20 minutes before game time, José Berríos took a slow walk out of the dugout.
As he sauntered towards the warning track to get his warm-ups in, only the fans in the front row noticed him. By the time he reached the outfield turf, the entire stadium serenaded No. 17 with a spontaneous and surprisingly loud ovation.
So when Berríos, who's under team control through 2022, toed the mound in the top of the first, the Rogers Centre crowd was understandably amped. After all, the Blue Jays dealt their second and fourth-best prospects to acquire him from the Minnesota Twins.
"I've never been in this position before in my career," Berríos said.
It had been an exhausting journey to Toronto for Berríos. He was initially scheduled to pitch Friday for the Twins, but after being traded, had to pack his bags and head to a new team in an entirely different country all in a matter of days.
"I did my best trying to get through my routine," Berríos said. "I had a good rest, good food, and then today came to the ballpark to do my work. So that's what I did and we came out of the game with the win."
When the time came to just go out there and pitch, Berríos was ready to go. With his glove still bright red, Berríos attacked a Kansas City Royals team he knows well from his days in the AL Central. The Royals have hit Berríos hard this season (eight runs in 14 innings) and got to him for four hits in the first two innings. After that, nothing.
Berríos pitched six innings scoreless in Sunday's 5-1 Blue Jays win, allowing only five hits, one walk, three hit-by-pitches and struck out seven on 95 pitches to earn the win.
It took nine batters, but Berríos got his first strikeout as a Blue Jays with a sweeping curveball to sit down Royals shortstop Nicky Lopez.
Berríos throws the curve more than any other pitch in his arsenal. With an average horizontal break of 14.7 inches, it's a filthy pitch. After a single and two hit-by-pitches put Berríos in a sixth-inning jam, he leaned heavily on his spinner. The 27-year-old uncorked five straight curveballs that tumbled off the plate and got three swings-and-misses from Royals No. 8 hitter Edward Olivares.
Excellent outings from a trio of Ross Stripling, Alek Manoah and now Berríos helped Toronto cruise to three straight wins over the Royals. With Robbie Ray, then Hyun Jin Ryu on deck for Monday and Tuesday, the Blue Jays look much more poised to win than they did prior to the trade deadline.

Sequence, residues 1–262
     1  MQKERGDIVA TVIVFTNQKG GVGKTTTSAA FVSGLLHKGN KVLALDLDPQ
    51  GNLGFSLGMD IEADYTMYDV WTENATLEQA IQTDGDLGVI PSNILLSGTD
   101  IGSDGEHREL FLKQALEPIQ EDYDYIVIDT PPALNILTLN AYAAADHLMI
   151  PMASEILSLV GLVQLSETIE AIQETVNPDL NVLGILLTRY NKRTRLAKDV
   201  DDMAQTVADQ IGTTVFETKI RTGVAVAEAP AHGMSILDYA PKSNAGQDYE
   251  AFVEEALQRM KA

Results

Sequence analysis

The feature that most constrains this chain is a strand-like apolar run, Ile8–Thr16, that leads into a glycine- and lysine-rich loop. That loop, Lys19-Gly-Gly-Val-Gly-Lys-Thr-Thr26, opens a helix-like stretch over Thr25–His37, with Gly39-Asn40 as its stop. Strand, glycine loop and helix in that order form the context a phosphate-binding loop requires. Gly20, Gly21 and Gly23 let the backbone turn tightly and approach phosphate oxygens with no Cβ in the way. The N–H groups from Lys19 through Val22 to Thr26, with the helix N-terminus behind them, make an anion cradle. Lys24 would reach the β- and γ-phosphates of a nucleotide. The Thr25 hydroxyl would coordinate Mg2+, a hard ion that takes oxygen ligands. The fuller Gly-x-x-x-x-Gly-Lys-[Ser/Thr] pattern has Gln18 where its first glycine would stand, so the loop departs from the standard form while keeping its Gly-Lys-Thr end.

"That's all you can ask," Blue Jays manager Charlie Montoyo said. "Our starters have been great, and like I always say, if we pitch and play defense, we're going to have a chance because we swing the bats."
What to expect from Berríos going forward
First and foremost, the Blue Jays get a serious innings-eater. Berríos has pitched 787.1 innings in his six-year big-league career and has never been placed on the injured list. During media availability on Friday, Blue Jays general manager Ross Atkins said the right-hander's durability was a factor in the team targeting him.
"In order to get better, you need to [pitch] a lot. And to get those reps you have to be durable. [Berríos] always has been. I think there are a lot of pitchers out there that maybe don't have this track record that can be as durable moving forward, but that is certainly an attractive attribute," Atkins said.
If Ray departs this offseason, Toronto's left with a glaring hole at the top of the rotation. Ray's 3.04 ERA and season average of nearly six innings per start would be tough to replace, but sliding Berríos into the 2022 rotation alongside Ryu might ease the sting.
At just 27 years of age, Berríos still has room to grow, too.
"I think it's really interesting," Atkins said. "As young as he is, as athletic and how hard working he is, it's easy to think about him just continuing on a positive trend.
"Whether that is in more just how he's deploying his work and how he's learning how to attack different teams and learning how to reshape certain pitches or make adjustments. He has the ability and all of the attributes to do all of those things."
That said, the Blue Jays front office didn't mortgage a good chunk of its future on a distant vision of what might be.
"The current version and the current form was obviously exciting enough for us," Atkins said.
Blue Jays management likes Berríos for who he is right now and his acquisition represents a massive commitment to contending in the next two years. Combine that with an excellent debut to seal a series sweep at Rogers Centre, and Blue Jays fans should like Berríos too.